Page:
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Traces, Memory and the Holocaust in the Writings of W.G. Sebald


Melilah Supplement 2


A multidisciplinary study of W.G. Sebald's concerns in German-Jewish history, traces, displacement, and memory of an evocative past, as can be found in his writings on the city of Manchester.
Publisher: Gorgias Press LLC
Availability: In stock
SKU (ISBN): 978-1-61143-223-7
  • *
Publication Status: In Print

Interior Color: Black
Trim Size: 7 x 10
Page Count: 96
Language: English
ISBN: 978-1-61143-223-7
$65.00

Melilah is an interdisciplinary journal concerned with Jewish law, history, literature, religion, culture and thought in the ancient, medieval and modern eras.

This volume emerged from a symposium that took place at the University of Manchester, with contributors from various disciplinary backgrounds. The German writer W.G. Sebald had been a scholar at the University early in his career and had been profoundly affected by the character of the city, its flanerie, architecture, urban planning, canals, ruined warehouses, and mills. With these he explored his major literary themes of German-Jewish history, traces, and memory of an evocative past. Likewise, the haunting theme of displacement and its expression through art also seems to originate from his experience of the city. Some of the essays in this volume focus on Sebald’s engagement with Manchester, while others explore broader aspects of his work and writing style, developed after he left Manchester for East Anglia.

Melilah is an interdisciplinary journal concerned with Jewish law, history, literature, religion, culture and thought in the ancient, medieval and modern eras.

This volume emerged from a symposium that took place at the University of Manchester, with contributors from various disciplinary backgrounds. The German writer W.G. Sebald had been a scholar at the University early in his career and had been profoundly affected by the character of the city, its flanerie, architecture, urban planning, canals, ruined warehouses, and mills. With these he explored his major literary themes of German-Jewish history, traces, and memory of an evocative past. Likewise, the haunting theme of displacement and its expression through art also seems to originate from his experience of the city. Some of the essays in this volume focus on Sebald’s engagement with Manchester, while others explore broader aspects of his work and writing style, developed after he left Manchester for East Anglia.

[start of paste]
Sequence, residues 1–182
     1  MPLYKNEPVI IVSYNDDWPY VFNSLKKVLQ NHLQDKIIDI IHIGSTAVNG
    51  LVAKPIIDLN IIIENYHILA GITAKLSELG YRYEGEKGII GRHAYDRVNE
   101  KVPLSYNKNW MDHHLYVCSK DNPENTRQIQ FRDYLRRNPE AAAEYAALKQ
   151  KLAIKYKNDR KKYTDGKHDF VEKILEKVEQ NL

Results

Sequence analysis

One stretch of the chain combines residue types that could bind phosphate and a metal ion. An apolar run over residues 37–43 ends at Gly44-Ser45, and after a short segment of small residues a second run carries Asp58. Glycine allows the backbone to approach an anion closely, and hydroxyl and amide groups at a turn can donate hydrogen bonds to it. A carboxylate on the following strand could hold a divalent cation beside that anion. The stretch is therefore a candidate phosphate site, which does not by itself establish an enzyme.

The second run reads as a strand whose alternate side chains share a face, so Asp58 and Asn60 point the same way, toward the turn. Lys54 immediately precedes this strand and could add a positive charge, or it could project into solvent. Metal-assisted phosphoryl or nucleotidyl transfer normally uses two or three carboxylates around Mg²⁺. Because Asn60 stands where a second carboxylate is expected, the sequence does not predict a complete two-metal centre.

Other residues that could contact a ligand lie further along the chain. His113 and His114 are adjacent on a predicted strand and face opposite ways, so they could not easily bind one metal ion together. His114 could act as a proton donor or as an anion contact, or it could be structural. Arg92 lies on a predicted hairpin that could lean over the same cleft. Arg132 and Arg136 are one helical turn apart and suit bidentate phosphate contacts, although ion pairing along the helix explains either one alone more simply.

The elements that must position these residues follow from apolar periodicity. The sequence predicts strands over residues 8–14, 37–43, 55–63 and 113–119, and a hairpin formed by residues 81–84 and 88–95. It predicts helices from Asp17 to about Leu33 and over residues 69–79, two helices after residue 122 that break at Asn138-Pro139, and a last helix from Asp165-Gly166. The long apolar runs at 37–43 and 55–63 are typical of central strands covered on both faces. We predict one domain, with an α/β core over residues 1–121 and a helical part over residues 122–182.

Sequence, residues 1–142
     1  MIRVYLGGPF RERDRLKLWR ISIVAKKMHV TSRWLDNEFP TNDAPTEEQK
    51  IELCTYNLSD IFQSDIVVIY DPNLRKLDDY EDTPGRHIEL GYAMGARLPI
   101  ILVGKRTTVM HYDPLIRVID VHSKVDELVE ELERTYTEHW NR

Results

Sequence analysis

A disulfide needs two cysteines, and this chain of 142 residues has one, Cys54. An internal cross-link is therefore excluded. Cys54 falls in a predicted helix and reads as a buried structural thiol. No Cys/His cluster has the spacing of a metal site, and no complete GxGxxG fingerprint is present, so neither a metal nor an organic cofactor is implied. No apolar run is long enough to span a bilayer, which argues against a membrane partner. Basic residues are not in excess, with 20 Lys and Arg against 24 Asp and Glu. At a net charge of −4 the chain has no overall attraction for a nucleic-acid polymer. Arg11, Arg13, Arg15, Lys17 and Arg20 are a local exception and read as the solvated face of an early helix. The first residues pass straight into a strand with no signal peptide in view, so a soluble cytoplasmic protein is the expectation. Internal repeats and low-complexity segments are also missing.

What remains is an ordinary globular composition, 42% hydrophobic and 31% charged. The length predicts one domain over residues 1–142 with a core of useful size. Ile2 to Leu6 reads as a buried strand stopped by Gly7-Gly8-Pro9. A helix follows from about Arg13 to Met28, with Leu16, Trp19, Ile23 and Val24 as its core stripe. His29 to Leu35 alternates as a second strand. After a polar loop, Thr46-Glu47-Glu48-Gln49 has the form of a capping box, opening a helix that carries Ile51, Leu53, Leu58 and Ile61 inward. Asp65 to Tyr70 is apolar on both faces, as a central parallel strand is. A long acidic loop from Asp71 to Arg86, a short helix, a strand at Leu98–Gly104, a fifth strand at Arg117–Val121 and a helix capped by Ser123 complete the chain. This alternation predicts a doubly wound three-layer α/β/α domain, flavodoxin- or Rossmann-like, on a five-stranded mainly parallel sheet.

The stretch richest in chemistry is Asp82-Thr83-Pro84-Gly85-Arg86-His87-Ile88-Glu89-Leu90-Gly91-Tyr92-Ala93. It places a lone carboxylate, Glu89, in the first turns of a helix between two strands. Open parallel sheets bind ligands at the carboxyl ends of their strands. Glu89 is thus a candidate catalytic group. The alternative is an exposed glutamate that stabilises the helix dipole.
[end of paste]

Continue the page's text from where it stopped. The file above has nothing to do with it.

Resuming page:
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Contributor

Jean-Marc Dreyfus

Janet Wolff

Helen Hills

Muriel Pic

John Sears

Jeremy Gregory

Monica Pearl

Carole Angier

  • Table of Contents (page 5)
  • Memory, Traces and the Holocaust in the Writings of W.G. Sebald by Jean-Marc Dreyfus and Janet Wolff (page 7)
  • 'And So They Are Ever Returning to Us, the Dead:The Presence of the Dead in W.G. Sebald by Carole Angier1 (page 11)
  • Kindertransport, Camps and the Holocaust in Austerlitz by Jean-Marc Dreyfus (page 19)
  • The Peripatetic Paragraph:Walking (and Walking) with W.G. Sebald by Monica B. Pearl (page 27)
  • I Couldnt Imagine Any World Outside Wales: The Place of Wales and Welsh Calvinist Methodism in Sebalds European Story by Jeremy Gregory (page 36)
  • Utter Blackness: Figuring Sebalds Manchester by John Sears (page 42)
  • Max Ferber and the Persistence of Pre-Memory in Mancunian Exile by Janet Wolff (page 53)
  • The Uses of Images: W.G. Sebald & T.J. Clark by Helen Hills (page 63)
  • Novel Crime, Hunting and Investigation of the Trace in Sebalds Prose by Muriel Pic (page 87)
  • Notes on Contributors (page 95)
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